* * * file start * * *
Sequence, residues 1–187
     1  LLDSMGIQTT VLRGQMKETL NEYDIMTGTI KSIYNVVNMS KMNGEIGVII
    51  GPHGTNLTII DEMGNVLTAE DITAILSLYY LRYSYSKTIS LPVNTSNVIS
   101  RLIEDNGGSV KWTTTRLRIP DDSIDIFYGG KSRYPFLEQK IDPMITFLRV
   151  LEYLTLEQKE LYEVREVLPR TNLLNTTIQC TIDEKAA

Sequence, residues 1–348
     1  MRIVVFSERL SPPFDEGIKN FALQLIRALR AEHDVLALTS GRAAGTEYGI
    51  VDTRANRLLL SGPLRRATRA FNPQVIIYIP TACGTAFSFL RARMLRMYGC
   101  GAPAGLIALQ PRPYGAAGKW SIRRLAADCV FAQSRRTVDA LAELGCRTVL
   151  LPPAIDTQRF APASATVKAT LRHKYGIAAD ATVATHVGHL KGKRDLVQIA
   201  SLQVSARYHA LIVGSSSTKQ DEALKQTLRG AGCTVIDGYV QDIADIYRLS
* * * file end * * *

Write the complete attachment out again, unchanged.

Sequence, residues 1–187
     1  LLDSMGIQTT VLRGQMKETL NEYDIMTGTI KSIYNVVNMS KMNGEIGVII
    51  GPHGTNLTII DEMGNVLTAE DITAILSLYY LRYSYSKTIS LPVNTSNVIS
   101  RLIEDNGGSV KWTTTRLRIP DDSIDIFYGG KSRYPFLEQK IDPMITFLRV
   151  LEYLTLEQKE LYEVREVLPR TNLLNTTIQC TIDEKAA

Sequence, residues 1–348
     1  MRIVVFSERL SPPFDEGIKN FALQLIRALR AEHDVLALTS GRAAGTEYGI
    51  VDTRANRLLL SGPLRRATRA FNPQVIIYIP TACGTAFSFL RARMLRMYGC
   101  GAPAGLIALQ PRPYGAAGKW SIRRLAADCV FAQSRRTVDA LAELGCRTVL
   151  LPPAIDTQRF APASATVKAT LRHKYGIAAD ATVATHVGHL KGKRDLVQIA
   201  SLQVSARYHA LIVGSSSTKQ DEALKQTLRG AGCTVIDGYV QDIADIYRLS